The '80s work has been a controversial topic, one addressed in the 1997 Museum of Modern Art exhibition "Willem de Kooning: The Late Work." De Kooning outlasted his hard-living and hard-drinking abstract expressionist colleagues by virtue of luck and genes, rather than caution and temperance. His drinking had been growing progressively worse until his estranged wife, Elaine de Kooning, returned and forced sobriety upon him in 1980, a lifestyle change that most likely coincided with the onset of Alzheimer's.
Signs of the disease may have been manifesting themselves as early as the late '70s, but he wasn't formally diagnosed with Alzheimer's until 1989, the same year his daughter Lisa had him declared legally incompetent. De Kooning died eight years later, in 1997. The diagnosis called into question the validity of the '80s works. Alzheimer's is an insidious disease that manifests slowly and gains momentum; by the time it's diagnosed it is usually quite advanced. Regarding de Kooning's art, the generally agreed-upon cutoff date for lucidity is 1988. Kertess scrupulously shows works that go up to only 1987. As for the matter of lucidity, Kertess feels the works speak for themselves, and that should be the final answer.
Basically you can go with one of two readings. The romanticists hold that the late works are yet another step in de Kooning's investigation of painting, a spare and lyrical climax to a lifetime of exploration. They believe that although his speech and memory were impaired, the core of his artistic ability remained untouched. The conspiracy theorist camp asserts that de Kooning was increasingly incapacitated and that his assistants played an overly active role in the creation of the paintings, selecting images to be projected, mixing colors, arranging compositions and painting in areas. The truth may be a little of both.
According to a description of Alzheimer's from Principles of Neural Science, "patients show abnormalities of memory, problem solving, language, calculation, visuospatial perception, judgement and behavior." When you think about it, highly regarded work has been made by artists who were mentally, physically and chemically incapacitated. Van Gogh was mentally ill; Monet painted while suffering from cataracts; Pollock was a tremendous drunk; Basquiat was a heroin addict. The work should be judged on its merits, and you shouldn't have to pass a urine test or a psychiatric exam before your work can be considered.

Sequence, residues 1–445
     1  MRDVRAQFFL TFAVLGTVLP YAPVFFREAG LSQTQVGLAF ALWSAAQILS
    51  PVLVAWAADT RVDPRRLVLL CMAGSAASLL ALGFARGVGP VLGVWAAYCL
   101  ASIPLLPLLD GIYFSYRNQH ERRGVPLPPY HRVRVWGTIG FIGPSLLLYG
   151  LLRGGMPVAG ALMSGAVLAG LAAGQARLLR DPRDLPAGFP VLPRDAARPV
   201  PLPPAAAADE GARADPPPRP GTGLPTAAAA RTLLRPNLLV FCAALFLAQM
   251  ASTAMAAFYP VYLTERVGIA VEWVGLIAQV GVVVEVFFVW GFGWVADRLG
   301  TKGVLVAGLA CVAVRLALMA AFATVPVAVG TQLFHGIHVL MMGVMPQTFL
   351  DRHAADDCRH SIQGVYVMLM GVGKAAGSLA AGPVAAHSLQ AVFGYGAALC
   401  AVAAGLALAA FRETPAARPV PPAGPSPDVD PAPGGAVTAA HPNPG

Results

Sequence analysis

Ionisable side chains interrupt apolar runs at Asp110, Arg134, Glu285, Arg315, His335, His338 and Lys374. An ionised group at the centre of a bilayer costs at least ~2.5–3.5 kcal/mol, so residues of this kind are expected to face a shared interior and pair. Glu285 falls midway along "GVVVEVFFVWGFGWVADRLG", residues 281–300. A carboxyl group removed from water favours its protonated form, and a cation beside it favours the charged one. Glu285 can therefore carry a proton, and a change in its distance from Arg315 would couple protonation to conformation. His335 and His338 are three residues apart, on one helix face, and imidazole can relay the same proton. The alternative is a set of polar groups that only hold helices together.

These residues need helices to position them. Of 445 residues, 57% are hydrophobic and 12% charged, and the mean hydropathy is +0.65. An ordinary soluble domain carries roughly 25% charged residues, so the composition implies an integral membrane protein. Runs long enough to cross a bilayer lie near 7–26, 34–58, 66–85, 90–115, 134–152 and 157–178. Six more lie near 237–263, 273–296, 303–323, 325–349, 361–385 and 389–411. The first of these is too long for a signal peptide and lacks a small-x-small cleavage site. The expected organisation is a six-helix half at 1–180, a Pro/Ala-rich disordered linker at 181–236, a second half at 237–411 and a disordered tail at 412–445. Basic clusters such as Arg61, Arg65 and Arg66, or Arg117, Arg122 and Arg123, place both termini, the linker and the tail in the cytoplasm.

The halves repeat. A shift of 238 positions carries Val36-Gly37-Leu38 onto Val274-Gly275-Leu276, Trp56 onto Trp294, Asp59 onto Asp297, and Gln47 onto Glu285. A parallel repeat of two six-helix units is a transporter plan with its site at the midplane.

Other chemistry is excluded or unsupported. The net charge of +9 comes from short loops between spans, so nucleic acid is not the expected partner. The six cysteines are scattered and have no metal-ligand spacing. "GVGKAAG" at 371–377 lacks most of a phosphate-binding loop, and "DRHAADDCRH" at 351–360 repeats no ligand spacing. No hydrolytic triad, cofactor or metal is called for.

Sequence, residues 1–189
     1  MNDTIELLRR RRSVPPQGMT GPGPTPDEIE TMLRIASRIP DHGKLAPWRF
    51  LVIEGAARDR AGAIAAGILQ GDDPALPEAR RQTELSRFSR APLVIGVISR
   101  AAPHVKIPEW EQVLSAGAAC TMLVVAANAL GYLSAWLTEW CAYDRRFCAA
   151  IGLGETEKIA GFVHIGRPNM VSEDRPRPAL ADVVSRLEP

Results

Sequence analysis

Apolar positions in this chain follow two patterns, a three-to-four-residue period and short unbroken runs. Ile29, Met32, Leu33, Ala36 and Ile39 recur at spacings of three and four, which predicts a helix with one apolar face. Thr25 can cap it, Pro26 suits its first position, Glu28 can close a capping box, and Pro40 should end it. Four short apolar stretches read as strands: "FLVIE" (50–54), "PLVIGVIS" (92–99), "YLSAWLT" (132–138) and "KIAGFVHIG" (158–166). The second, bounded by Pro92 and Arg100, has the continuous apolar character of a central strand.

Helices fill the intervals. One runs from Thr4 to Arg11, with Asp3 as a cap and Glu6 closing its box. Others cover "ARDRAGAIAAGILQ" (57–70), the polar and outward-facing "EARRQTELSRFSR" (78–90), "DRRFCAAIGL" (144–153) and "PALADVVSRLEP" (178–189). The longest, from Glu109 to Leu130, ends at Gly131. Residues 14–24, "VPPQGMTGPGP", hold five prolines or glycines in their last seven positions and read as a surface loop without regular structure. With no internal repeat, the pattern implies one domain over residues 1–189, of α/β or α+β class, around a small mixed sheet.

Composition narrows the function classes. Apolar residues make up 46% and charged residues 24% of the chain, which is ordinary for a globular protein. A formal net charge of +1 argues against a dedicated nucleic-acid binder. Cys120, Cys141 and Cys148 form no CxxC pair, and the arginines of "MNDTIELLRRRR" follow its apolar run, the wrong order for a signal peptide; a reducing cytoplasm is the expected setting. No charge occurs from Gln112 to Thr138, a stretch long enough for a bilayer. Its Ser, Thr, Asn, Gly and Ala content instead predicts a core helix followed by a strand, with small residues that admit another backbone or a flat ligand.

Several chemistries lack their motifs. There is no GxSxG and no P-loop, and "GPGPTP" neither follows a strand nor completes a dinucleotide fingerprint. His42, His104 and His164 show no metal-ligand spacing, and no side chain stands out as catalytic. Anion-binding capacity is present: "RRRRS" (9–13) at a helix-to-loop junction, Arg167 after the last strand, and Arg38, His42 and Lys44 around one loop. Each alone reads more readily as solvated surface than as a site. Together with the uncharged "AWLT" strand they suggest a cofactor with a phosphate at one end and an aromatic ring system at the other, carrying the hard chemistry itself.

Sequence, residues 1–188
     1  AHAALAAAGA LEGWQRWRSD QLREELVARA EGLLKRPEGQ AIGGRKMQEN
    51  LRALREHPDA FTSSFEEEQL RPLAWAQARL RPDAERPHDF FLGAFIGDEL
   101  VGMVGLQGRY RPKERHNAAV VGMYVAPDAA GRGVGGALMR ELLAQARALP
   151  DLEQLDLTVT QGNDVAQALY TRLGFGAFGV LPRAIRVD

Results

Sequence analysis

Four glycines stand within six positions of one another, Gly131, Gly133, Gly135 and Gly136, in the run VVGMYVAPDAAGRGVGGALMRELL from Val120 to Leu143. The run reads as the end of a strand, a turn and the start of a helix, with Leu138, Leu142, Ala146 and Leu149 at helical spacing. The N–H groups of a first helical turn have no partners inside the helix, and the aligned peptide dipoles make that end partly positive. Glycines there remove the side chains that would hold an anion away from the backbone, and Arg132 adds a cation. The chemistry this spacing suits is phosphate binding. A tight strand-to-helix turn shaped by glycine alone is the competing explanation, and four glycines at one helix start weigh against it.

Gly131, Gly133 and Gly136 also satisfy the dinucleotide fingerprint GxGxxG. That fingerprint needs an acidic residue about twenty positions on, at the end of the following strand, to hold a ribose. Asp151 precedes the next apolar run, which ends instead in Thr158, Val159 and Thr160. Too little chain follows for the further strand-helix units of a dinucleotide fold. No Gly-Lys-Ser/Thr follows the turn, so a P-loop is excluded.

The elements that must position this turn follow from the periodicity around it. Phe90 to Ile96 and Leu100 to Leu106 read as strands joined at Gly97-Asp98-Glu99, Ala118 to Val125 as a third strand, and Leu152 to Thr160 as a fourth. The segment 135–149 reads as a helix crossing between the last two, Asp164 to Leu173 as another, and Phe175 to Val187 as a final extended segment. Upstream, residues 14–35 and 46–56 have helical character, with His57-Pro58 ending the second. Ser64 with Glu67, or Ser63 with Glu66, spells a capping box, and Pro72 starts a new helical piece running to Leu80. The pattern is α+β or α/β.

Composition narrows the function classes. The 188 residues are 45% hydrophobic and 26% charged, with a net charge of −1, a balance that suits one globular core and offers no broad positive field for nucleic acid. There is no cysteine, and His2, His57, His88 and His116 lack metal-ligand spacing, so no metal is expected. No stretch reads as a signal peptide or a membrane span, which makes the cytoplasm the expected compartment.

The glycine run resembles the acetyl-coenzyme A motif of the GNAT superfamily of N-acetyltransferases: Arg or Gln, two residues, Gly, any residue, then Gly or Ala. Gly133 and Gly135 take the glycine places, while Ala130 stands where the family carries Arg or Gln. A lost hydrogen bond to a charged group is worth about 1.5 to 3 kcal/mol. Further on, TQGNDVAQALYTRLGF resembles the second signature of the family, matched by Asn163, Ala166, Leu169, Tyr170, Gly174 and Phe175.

But knowledge of de Kooning's decline does color a viewing of the work. An untitled (1980) scrawled ink drawing of two women led to three 1987 paintings. Comparing the 1980 drawing to a 1966 drawing, the former looks much looser, and even the signature is less emphatic. Is this the result of infirmity or a 24-year difference in drawing style? But more important, the paintings that result from the drawing are not especially satisfying. They feel awkward. The images seem plopped down and filled in, not created on the canvas.
A more successful series of untitled paintings from 1985 cannibalize themselves for composition, each one taking a part of the one before. There is a clarity of color here, bright shimmering tones of blue and reddish-orange lines curving over white surfaces that radiate with obscured color. They look like a curvilinear version of Mondrian. There is something kind of appealing about the bright, looping strokes and the thin, controlled paint. I just don't know that "kind of appealing" is enough. I think you're probably willing to accord them more attention in the context of de Kooning's work than they would merit as lone paintings.
De Kooning will always remain a seminal figure in the development of American art. Throughout his career he took risks, and his painting was never static. The physical and visual interaction with paint was the issue for him, not the end result. The later work shown in the exhibition raises many questions, but in the words of an artist who saw the show, "Well, at least de Kooning senile is a helluva lot better than Sam Francis lucid."